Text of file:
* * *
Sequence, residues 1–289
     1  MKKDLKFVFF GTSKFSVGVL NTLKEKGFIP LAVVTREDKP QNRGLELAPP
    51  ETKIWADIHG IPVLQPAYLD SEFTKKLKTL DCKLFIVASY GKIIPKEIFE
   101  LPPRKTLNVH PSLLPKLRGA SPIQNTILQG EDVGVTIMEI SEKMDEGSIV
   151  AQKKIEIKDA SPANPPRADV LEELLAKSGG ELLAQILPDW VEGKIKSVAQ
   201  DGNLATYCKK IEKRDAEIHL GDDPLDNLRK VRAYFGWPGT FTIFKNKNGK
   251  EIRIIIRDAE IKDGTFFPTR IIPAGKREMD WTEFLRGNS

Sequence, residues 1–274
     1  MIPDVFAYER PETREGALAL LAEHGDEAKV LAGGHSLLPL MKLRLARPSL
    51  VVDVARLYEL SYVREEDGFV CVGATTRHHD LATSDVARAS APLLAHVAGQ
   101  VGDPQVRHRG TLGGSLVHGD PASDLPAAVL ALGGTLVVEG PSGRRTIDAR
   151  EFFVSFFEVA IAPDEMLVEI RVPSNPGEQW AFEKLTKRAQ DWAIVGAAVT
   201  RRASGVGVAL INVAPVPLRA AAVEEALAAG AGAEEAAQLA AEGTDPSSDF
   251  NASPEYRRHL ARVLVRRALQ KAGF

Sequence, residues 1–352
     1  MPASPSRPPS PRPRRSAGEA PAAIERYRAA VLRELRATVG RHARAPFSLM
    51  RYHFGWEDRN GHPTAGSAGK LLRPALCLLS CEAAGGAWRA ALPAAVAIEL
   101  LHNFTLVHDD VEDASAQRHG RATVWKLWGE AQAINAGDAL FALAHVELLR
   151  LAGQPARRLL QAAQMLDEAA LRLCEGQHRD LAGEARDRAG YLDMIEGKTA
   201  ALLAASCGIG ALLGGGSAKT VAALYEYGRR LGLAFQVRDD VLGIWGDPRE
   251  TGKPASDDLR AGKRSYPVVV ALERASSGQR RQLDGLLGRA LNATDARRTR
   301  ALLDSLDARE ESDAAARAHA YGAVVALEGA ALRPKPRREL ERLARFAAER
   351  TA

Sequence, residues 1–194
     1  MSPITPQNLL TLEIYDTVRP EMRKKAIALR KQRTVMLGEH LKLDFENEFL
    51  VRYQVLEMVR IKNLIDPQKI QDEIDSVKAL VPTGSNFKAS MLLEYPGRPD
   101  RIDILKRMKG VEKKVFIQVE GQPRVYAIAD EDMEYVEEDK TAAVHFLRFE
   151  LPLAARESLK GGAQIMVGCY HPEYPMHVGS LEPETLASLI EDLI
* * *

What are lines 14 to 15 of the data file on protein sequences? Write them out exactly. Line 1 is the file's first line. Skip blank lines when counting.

   251  NASPEYRRHL ARVLVRRALQ KAGF

Sequence, residues 1–352